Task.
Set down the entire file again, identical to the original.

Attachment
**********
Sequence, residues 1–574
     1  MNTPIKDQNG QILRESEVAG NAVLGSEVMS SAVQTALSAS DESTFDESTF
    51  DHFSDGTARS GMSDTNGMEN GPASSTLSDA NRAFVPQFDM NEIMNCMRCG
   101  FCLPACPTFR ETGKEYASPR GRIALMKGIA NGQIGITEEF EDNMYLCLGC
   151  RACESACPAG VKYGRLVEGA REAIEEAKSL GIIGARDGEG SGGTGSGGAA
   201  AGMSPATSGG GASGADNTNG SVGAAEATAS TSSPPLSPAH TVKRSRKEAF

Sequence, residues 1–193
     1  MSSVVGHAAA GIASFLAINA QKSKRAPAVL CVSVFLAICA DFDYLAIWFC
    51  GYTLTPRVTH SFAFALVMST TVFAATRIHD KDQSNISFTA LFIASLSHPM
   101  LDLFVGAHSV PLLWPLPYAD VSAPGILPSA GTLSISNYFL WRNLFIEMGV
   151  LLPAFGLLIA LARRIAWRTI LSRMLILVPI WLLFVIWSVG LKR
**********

Sequence, residues 1–574
     1  MNTPIKDQNG QILRESEVAG NAVLGSEVMS SAVQTALSAS DESTFDESTF
    51  DHFSDGTARS GMSDTNGMEN GPASSTLSDA NRAFVPQFDM NEIMNCMRCG
   101  FCLPACPTFR ETGKEYASPR GRIALMKGIA NGQIGITEEF EDNMYLCLGC
   151  RACESACPAG VKYGRLVEGA REAIEEAKSL GIIGARDGEG SGGTGSGGAA
   201  AGMSPATSGG GASGADNTNG SVGAAEATAS TSSPPLSPAH TVKRSRKEAF

Sequence, residues 1–193
     1  MSSVVGHAAA GIASFLAINA QKSKRAPAVL CVSVFLAICA DFDYLAIWFC
    51  GYTLTPRVTH SFAFALVMST TVFAATRIHD KDQSNISFTA LFIASLSHPM
   101  LDLFVGAHSV PLLWPLPYAD VSAPGILPSA GTLSISNYFL WRNLFIEMGV
   151  LLPAFGLLIA LARRIAWRTI LSRMLILVPI WLLFVIWSVG LKR